Peptic ulcer disease35 (17.0)72 (19.7)50 (13.7)70 (16.2)61 (13.0)72 (13.5)45 (13.7)405 (15.0)5.7950.016
 Duodenal ulcer*24 (11.7)51 (14.0)37 (10.1)46 (10.6)45 (9.6)47 (8.8)26 (7.9)276 (10.2)8.0910.004
 Gastric ulcer*12 (5.8)23 (6.3)13 (3.6)29 (6.7)19 (4.1)30 (5.6)19 (5.8)145 (5.3)0.0690.793
Gastric cancer1 (0.5)1 (0.3)4 (1.1)2 (0.5)1 (0.2)2 (0.4)3 (0.9)14 (0.5)4.4710.583
Helicobacter pylori infection†42/95 (44.2)136/275 (49.5)128/161 (49.0)148/338 (43.8)158/396 (39.9)134/334 (40.2)98/273 (35.9)†844/1971 (42.8)13.547< 0.001
 NSAID use†26/194 (13.4)16/344 (4.7)18/344 (5.2)21/385 (5.5)14/438 (3.2)17/441 (3.9)13/314 (4.1)125/2460 (5.1)13.608<0.001
Figure 1.

Trend in the prevalence of peptic ulcer disease, gastric cancer, Helicobacter pylori infection and non-steroidal anti-inflammatory drugs use in dyspeptic patients between 1997 and 2003.

Comparison of the demographic, clinical and endoscopic data of dyspeptic patients between 1997–2000 and 2001–2003

The mean age of the patients was significantly younger between 2001 and 2003 than that between 1997 and 2000 (46.0 ± 15.6 vs. 51.3 ± 16.4 years old, P =0.011). However, there was no change in the gender distribution during the two periods of time. The prevalence of PUD between 2001 and 2003 were significantly lower than that between 1997 and 2000 (16.6% vs. 13.4%, OR = 0.78, 95% CI: 0.63–0.96, P = 0.020). While the prevalence of duodenal ulcer was significantly reduced, the prevalence of gastric ulcer remained stable (Table 2). The prevalence of H. pylori infection and NSAID use between 2001 and 2003 was significantly lower than that between 1997 and 2000 (46.9% vs. 38.9%, OR = 0.73, 95% CI: 0.60–0.86, P < 0.001 for H. pylori infection; 6.4% vs. 3.7%, OR = 0.56, 95% CI: 0.39–0.82, P = 0.002 for NSAID use) (Table 2). No change in the prevalence of gastric cancer was observed (Table 2).

Table 2.  Demographic and clinical data of dyspeptic patients between 1997 and 2000 and between 2001 and 2003
 1997–2000 (n = 1369)2001–2003 (n = 1331)Total (n = 2700)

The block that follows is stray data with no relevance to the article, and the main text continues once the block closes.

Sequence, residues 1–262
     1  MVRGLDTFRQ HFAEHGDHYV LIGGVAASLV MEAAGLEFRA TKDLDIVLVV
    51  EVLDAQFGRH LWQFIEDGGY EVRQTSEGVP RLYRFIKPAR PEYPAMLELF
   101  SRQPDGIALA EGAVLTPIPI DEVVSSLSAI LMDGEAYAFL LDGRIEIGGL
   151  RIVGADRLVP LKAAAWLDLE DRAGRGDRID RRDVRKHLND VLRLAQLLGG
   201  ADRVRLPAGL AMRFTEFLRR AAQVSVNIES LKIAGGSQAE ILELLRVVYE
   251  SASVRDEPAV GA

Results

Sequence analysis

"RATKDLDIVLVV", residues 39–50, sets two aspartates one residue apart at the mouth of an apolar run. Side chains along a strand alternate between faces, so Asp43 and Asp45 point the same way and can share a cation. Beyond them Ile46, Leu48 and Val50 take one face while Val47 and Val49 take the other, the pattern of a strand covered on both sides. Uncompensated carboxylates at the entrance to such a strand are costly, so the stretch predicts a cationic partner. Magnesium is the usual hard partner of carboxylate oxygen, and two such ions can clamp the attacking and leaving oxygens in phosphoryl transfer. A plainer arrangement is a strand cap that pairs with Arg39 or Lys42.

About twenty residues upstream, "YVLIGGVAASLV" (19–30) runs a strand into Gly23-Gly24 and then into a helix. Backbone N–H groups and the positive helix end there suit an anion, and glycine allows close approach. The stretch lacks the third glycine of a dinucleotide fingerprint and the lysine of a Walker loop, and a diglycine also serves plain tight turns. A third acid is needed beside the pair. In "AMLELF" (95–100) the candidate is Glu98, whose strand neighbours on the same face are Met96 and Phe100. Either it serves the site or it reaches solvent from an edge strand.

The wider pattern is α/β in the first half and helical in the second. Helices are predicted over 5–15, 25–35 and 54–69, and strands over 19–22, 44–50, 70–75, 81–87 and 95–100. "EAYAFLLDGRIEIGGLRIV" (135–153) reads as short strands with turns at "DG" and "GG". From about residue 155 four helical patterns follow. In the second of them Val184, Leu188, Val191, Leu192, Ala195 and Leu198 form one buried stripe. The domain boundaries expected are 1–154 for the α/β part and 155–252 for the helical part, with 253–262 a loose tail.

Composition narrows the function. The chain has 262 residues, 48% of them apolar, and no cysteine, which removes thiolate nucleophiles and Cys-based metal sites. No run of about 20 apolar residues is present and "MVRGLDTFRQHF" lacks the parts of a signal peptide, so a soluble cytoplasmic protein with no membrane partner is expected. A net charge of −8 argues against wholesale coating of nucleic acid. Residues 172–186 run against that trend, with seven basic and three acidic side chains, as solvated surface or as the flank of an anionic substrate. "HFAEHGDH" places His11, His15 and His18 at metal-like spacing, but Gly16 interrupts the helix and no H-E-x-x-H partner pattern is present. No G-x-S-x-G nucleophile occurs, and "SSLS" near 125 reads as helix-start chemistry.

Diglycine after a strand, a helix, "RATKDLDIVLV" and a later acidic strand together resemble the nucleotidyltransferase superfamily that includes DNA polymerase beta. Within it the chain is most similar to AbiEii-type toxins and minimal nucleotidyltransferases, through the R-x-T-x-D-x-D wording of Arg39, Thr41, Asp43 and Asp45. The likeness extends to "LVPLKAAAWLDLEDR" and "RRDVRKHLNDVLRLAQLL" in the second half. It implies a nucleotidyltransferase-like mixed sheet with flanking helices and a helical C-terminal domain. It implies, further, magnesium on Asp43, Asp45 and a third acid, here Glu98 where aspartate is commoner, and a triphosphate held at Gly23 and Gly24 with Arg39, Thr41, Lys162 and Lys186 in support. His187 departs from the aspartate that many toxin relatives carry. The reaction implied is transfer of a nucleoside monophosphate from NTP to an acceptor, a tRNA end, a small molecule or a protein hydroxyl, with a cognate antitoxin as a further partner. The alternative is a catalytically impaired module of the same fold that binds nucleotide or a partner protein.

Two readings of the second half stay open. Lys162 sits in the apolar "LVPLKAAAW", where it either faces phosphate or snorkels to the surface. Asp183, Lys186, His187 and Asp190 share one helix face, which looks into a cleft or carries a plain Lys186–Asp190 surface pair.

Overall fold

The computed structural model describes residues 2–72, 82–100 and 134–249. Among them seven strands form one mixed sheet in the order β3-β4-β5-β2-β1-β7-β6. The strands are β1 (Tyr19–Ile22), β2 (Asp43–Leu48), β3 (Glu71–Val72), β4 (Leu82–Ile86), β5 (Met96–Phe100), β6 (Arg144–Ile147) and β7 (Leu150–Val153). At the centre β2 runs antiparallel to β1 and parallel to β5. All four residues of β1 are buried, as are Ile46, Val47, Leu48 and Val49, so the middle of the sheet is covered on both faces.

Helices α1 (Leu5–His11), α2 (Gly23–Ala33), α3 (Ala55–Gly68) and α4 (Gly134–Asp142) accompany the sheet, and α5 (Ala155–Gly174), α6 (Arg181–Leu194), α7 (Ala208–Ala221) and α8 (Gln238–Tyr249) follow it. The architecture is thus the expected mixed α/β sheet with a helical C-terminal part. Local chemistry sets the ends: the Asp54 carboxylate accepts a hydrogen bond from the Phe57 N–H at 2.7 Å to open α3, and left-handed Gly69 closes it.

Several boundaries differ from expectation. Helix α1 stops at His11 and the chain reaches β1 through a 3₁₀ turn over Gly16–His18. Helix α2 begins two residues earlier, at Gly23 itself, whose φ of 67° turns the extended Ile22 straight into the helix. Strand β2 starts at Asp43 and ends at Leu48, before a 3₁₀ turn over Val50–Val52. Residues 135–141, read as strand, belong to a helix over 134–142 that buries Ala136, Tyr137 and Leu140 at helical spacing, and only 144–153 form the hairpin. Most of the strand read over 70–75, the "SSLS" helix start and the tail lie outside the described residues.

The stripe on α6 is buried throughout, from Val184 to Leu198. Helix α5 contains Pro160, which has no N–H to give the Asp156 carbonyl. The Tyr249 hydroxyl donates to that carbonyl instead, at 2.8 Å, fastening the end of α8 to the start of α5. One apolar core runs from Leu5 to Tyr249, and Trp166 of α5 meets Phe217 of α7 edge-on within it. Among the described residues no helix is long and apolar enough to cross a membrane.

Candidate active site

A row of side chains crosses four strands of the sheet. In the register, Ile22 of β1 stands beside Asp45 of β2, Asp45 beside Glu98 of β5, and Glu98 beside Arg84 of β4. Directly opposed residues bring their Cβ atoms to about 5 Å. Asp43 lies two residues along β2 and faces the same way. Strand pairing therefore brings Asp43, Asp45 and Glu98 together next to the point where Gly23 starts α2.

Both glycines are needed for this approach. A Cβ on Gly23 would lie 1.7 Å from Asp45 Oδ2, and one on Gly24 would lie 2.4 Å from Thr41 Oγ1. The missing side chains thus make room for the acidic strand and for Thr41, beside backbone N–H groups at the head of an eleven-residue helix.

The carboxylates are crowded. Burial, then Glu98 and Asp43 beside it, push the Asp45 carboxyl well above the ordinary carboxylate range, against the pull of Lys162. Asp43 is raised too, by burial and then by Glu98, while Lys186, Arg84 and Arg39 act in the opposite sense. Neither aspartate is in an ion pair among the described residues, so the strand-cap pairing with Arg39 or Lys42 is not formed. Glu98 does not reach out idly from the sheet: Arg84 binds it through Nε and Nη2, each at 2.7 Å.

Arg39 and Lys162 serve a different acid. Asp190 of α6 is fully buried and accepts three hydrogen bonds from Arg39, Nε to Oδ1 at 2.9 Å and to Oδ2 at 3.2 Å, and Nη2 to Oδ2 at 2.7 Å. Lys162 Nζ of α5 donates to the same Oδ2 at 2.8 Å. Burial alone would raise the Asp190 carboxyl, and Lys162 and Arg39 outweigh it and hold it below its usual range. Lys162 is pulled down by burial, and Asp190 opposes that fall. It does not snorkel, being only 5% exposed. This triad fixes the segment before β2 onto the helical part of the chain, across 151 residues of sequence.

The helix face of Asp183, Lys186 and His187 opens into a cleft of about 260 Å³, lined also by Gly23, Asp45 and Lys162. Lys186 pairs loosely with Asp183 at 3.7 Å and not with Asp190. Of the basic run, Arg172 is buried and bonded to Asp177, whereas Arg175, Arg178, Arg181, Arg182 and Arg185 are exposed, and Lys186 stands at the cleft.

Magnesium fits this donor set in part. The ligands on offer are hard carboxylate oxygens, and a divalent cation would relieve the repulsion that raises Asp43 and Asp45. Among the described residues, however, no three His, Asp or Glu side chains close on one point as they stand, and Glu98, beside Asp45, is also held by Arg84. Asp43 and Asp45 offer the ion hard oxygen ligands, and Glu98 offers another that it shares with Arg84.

1. * Data were not available for some cases.

  2. † Compared with 1997–2000, P < 0.05.

  3. ‡ Compared with 1997–2000, P < 0.01.

  4. § Compared with 1997–2000, P < 0.001.

Gender
 Male509 (37.2%)512 (38.5%)1021 (37.8%)
 Female860 (62.8%)819 (61.5%)1679 (62.2%)
Age (year)
 Mean age (mean ± SD)51.3 ± 16.446.0 ± 15.6†48.7 ± 16.2
 Range17–9416–8716–94
NSAID users*81/1267 (6.4%)44/1193 (3.7%)‡125/2460 (5.1%)
Helicobacter pylori positive cases*454/969 (46.9%)390/1002 (38.9%)§844/1971 (42.8%)
Peptic ulcer disease227 (16.6%)178 (13.4%)†405 (15.0%)
 Duodenal ulcer150 (11.0%)110 (8.3%)†260 (9.6%)
 Gastric ulcer69 (5.0%)60 (4.5%)129 (4.8%)
 Duodenal/gastric ulcer8 (0.6%)8 (0.6%)16 (0.6%)
Gastric cancer8 (0.6%)6 (0.5%)14 (0.5%)
Other gastrointestinal diseases12 (0.9%)4 (0.3%)16 (0.6%)

Association of peptic ulcer disease with gender, and age of patients, Helicobacter pylori infection and non-steroidal anti-inflammatory drug use

The prevalence of PUD was significantly higher in men than in women (54.1% vs. 35.5%, OR = 2.09, 95% CI: 1.62–2.70, P < 0.001). Patients with PUD were significantly older than those without PUD (51.2 ± 14.9 vs. 47.3 ± 16.4 years old, P = 0.01). Helicobacter pylori infection was significantly associated with PUD (OR = 9.46, 95% CI: 7.15–12.52, P < 0.001) including both duodenal ulcer (OR =15.87, 95% CI: 10.60–23.76, P < 0.001) and gastric ulcer (OR = 3.12, 95% CI: 2.15–4.53, P < 0.001). Although NSAID use was not associated with overall PUD (OR = 1.35, 95% CI: 0.85–2.14, P = 0.201) and duodenal ulcer, it was significantly associated with gastric ulcer (OR = 2.97, 95% CI: 1.70–5.20, P < 0.001) (Table 3). Moreover, patients with H. pylori infection and/or NSAID use were more likely to have PUD (OR = 9.541, 95% CI: 7.05–12.92, P < 0.001), including both duodenal ulcer (OR = 16.86, 95% CI: 10.68–26.60, P < 0.001) and gastric ulcer (OR = 3.34, 95% CI: 2.25–4.97, P < 0.001).

Table 3.  Association of peptic ulcer disease (PUD), including duodenal ulcer (DU) and gastric ulcer (GU), with Helicobacter pylori infection and non-steroidal anti-inflammatory drug (NSAID) use in dyspeptic patients between 1997 and 2003
 1997–20002001–20031997–2003
TotalPUDDU*GU*TotalPUDDU*GU*TotalPUDDU*GU*
  1. * Some cases had both gastric and duodenal ulcer.

  2. † Compared with H. pylori negative cases, non-NSAID users or H. pylori negative non-NSAID users, where appropriate, P < 0.001;

  3. ‡ Compared with non-NSAID users, P = 0.020.

Helicobacter pylori status
 Positive454186 (41.0%)†142 (31.3%)†51 (11.2%)†390136 (34.9%)†101 (25.9%)†42 (10.8%)†844322 (38.2%)†243 (28.8%)†93 (11.0%)†
 Negative51535 (6.8%)14 (2.7%)22 (4.3%)61234 (5.6%)14 (2.3%)21 (3.4%)112769 (6.1%)28 (2.5%)43 (3.8%)
NSAID use
 Yes8117 (21.0%)10 (12.3%)9 (11.1%)‡447 (15.9%)0 (0%)7 (15.9%)†12524 (19.2%)10 (8%)16 (12.8%)†
 No1186201 (16.9%)146 (12.3%)60 (5.1%)1149148 (12.9%)103 (9.0%)50 (4.4%)2335349 (14.9%)249 (10.7%)110 (4.7%)
  21815669 15510357 373259126
Helicobacter pylori infection and/or NSAID use